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This article was published on November 8, 2012

Why Facebook ditched Hadoop’s MapReduce and built a better mousetrap called Corona to handle its data

Why Facebook ditched Hadoop’s MapReduce and built a better mousetrap called Corona to handle its data
Ken Yeung
Story by

Ken Yeung

Ken Yeung is a reporter for The Next Web based in San Francisco, CA. He carries around a big camera & likes to write about tech, startup Ken Yeung is a reporter for The Next Web based in San Francisco, CA. He carries around a big camera & likes to write about tech, startups, parties, and interesting people. Follow him on Twitter, on Facebook, and Google+.

Facebook has shared some more behind-the-scenes information about just how the social network is built, this time centered around the enormous amount of data that it collects. Over half a petabyte of new data arrives in the company’s warehouse every 24 hours with systems running around the clock designed to help put together meaningful features and aggregations.

The data center Facebook uses has grown considerably (2,500 times) over the past four years. The company says some challenges it faces when it comes to handling data for over 1 billion users includes scalability and processing — its largest cluster is more than 100 PB of data and it crunches more than 60,000 Hive queries a day, which is a data warehouse system that processes easy data summarization,  ad-hoc queries, while analyzing large datasets.  And the data stream is only getting bigger.

Frustrations with MapReduce

Facebook says that previously it used the MapReduce implementation from Apache Hadoop to help manage its data, but just a year ago, realized that it would not handle its growing needs. As a reference, MapReduce is a programming model used to process large data sets and is typically used to execute distributed computing on clusters of computers.

What Facebook was doing involved taking a job tracker program along with many task trackers and executing them so that it processes the data. The role of the job tracker was to manage the cluster resources and schedule all the user jobs — thus funneling it all to the individual task tracker programs. But as the number of jobs increased, the job tracker program just couldn’t handle its responsibilities adequately enough for Facebook’s needs — the company said that its cluster utilization would drop “precipitously” because of the overload.

Other frustrations that it found with MapReduce included the fixed “slot-based resource management model” which divides the cluster into a fixed number of map and reduce slots designed by a specific configuration — it felt this was inefficient because slots become wasted anytime the cluster workload doesn’t match up with the configuration. Also, when software upgrades needed to happen, Facebook found that all running jobs needed to be “killed” or cease to operate, resulting in significant downtime.

Building a better mouse trap

Fed up by these scalability issues and inefficiencies, Facebook’s engineering team says they set out to create a new framework and built one from scratch. It’s called Corona and it “separates cluster resource management from job coordination”.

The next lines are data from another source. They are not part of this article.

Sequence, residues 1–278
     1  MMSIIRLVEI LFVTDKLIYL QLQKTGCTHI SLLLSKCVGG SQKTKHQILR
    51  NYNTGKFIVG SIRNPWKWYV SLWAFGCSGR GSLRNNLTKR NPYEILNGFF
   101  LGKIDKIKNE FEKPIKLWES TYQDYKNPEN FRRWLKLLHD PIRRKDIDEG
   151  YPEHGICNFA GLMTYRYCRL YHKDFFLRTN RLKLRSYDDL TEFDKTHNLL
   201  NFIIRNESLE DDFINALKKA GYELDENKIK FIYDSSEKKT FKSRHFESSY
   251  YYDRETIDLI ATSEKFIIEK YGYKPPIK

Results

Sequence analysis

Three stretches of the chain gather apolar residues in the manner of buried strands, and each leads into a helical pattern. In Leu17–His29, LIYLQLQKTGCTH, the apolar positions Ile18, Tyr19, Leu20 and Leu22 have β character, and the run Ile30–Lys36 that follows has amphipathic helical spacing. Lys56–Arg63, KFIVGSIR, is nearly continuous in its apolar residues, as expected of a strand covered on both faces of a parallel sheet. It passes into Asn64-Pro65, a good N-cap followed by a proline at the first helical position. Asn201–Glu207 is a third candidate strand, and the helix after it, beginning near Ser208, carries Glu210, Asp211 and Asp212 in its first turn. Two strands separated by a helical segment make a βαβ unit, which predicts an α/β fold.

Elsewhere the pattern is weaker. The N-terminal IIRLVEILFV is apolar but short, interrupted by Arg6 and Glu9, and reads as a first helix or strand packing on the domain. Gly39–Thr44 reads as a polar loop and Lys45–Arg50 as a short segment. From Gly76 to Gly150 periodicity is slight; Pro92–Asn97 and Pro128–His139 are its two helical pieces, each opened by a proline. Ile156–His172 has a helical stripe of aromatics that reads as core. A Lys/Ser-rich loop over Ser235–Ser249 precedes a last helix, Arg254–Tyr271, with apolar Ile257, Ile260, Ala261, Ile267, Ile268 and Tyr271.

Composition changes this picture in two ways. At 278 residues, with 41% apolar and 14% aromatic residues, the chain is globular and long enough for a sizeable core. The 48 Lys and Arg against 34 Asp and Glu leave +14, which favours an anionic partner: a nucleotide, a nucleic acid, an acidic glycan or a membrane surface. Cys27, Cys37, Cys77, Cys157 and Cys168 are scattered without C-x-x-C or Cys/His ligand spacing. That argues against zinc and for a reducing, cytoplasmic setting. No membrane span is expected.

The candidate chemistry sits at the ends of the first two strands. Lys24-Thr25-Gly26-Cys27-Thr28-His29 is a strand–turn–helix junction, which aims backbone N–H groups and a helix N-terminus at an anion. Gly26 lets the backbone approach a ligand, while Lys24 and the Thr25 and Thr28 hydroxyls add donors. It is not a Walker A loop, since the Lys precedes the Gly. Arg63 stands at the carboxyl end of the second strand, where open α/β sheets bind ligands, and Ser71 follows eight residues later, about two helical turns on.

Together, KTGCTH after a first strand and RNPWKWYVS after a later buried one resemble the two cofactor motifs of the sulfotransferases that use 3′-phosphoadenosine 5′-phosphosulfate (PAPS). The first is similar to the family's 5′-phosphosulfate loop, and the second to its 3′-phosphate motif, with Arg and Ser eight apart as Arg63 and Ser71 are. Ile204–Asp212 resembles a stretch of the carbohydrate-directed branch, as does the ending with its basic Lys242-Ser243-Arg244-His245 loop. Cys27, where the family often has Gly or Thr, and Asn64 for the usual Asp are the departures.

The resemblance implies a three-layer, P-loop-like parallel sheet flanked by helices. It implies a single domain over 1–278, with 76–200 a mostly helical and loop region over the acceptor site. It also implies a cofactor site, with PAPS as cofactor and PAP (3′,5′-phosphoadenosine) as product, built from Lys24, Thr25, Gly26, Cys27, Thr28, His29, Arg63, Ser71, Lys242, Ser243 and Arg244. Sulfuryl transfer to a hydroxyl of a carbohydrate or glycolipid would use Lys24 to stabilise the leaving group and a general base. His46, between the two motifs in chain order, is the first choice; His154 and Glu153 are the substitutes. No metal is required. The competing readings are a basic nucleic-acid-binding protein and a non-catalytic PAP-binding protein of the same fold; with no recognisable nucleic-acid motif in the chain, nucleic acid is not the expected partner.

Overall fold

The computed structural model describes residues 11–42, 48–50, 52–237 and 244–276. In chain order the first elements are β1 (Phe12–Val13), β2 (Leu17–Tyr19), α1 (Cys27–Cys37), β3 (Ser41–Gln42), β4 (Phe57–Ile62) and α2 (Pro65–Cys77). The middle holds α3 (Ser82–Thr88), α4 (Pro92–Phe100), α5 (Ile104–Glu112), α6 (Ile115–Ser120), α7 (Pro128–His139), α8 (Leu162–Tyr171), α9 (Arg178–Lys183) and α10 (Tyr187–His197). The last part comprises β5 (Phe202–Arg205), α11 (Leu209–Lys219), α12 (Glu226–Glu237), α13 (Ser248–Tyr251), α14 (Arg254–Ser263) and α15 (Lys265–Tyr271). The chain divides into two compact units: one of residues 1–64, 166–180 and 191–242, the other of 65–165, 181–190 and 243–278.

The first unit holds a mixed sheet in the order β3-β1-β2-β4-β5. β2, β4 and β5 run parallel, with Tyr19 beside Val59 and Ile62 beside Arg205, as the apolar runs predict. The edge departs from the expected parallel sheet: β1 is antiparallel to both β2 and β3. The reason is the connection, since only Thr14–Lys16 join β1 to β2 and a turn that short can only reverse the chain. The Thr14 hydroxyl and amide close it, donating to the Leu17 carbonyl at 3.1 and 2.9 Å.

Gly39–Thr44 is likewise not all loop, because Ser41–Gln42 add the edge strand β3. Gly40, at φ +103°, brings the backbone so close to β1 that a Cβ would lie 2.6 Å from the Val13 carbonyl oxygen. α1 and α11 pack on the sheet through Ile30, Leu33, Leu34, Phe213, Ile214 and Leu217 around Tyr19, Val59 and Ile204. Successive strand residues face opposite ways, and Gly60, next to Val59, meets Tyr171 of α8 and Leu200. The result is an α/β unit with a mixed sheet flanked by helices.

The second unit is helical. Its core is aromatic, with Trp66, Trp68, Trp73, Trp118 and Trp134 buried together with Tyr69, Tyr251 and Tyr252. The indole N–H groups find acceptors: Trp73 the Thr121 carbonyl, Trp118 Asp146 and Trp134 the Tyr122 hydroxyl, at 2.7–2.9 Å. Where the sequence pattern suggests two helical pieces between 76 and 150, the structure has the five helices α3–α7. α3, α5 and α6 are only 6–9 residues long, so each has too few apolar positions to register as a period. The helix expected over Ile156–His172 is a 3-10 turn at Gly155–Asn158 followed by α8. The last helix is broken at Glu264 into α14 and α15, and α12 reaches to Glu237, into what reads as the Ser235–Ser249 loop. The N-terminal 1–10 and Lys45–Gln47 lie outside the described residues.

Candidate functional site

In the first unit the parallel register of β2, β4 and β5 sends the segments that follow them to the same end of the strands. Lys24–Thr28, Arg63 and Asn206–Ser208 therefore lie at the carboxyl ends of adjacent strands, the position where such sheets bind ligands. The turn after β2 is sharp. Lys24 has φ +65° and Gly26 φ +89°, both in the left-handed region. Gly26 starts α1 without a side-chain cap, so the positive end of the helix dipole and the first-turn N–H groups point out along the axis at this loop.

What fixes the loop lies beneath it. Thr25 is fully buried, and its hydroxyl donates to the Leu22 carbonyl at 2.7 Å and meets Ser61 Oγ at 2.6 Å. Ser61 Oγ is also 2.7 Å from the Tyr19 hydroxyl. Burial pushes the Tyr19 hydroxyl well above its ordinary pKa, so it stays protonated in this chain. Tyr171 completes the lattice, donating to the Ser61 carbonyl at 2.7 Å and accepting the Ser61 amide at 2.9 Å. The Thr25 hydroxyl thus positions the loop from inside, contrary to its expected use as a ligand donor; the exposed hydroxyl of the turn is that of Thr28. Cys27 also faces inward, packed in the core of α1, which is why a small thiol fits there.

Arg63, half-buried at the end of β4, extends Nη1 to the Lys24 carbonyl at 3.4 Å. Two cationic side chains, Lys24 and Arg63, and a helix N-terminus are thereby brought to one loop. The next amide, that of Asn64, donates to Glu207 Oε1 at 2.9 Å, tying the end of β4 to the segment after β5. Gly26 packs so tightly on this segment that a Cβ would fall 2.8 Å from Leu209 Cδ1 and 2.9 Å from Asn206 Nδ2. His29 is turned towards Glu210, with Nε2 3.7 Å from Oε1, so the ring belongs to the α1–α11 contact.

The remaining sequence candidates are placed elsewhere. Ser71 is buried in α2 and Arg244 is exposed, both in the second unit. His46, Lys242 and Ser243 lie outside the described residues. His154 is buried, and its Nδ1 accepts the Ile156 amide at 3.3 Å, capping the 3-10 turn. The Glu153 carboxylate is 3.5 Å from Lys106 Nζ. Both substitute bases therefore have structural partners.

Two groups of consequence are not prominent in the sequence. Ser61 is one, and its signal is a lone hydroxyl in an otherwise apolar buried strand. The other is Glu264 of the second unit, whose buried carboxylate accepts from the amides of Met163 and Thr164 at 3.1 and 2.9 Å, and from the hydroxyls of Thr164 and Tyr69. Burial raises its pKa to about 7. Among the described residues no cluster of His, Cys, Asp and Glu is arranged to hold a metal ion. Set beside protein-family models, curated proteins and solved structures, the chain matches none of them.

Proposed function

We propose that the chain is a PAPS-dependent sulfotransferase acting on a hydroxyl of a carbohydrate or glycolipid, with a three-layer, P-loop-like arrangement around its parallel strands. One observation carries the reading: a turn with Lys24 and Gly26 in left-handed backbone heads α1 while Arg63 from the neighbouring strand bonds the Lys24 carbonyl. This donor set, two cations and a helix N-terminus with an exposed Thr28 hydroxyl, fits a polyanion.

What’s different from MapReduce is the introduction of a cluster manager, which the company says will track all the notes and the amount of free resources. An individual job tracker is created for each job. Another key difference it says it has compared to Hadoop is the scheduling — it uses push-based versus pull-based:

After the cluster manager receives resource requests from the job tracker, it pushes the resource grants back to the job tracker. Also, once the job tracker gets resource grants, it creates tasks and then pushes these tasks to the task trackers for running. There is no periodic heartbeat involved in this scheduling, so the scheduling latency is minimized

This new system will allow the cluster manager to avoid monitoring a job’s progress in order for it to focus on making fast scheduling decisions. Each different program looks to have its own role in the chain, with all resources spread out to allow it to grow and do an adequate job processing all of Facebook’s data.

Operation: Deployment

The next challenge facing Facebook was getting Corona deployed to the entire system. It says it staged this in three phases: the first one was similar to any beta release — it released it to 500 machines in the cluster so it could receive feedback from early adopters. Next, it moved towards handling what it says were “non-critical workloads”, which resulted in the first scale problem — the cluster manager couldn’t handle 1,000 nodes so it slowed things down. After tweaking it, Facebook moved to the third and final phase: taking over all MapReduce jobs.

Facebook says that the process took them three months to complete and Corona was installed across all its systems by the middle of this year. So far, it says it’s realized several key benefits of the implementation, decreased average time to refill a slot (down from 66 seconds with MapReduce to 55 seconds), better cluster utilization, efficient scheduling, and lower job latency.

Corona is still a work-in-progress within the company and Facebook says that it has become an integral part of its data infrastructure. It has also open-sourced the version it has currently running in production and it’s hosted on its GitHub repository for anyone to use and improve upon.

Photo credit: ROBYN BECK/AFP/Getty Images

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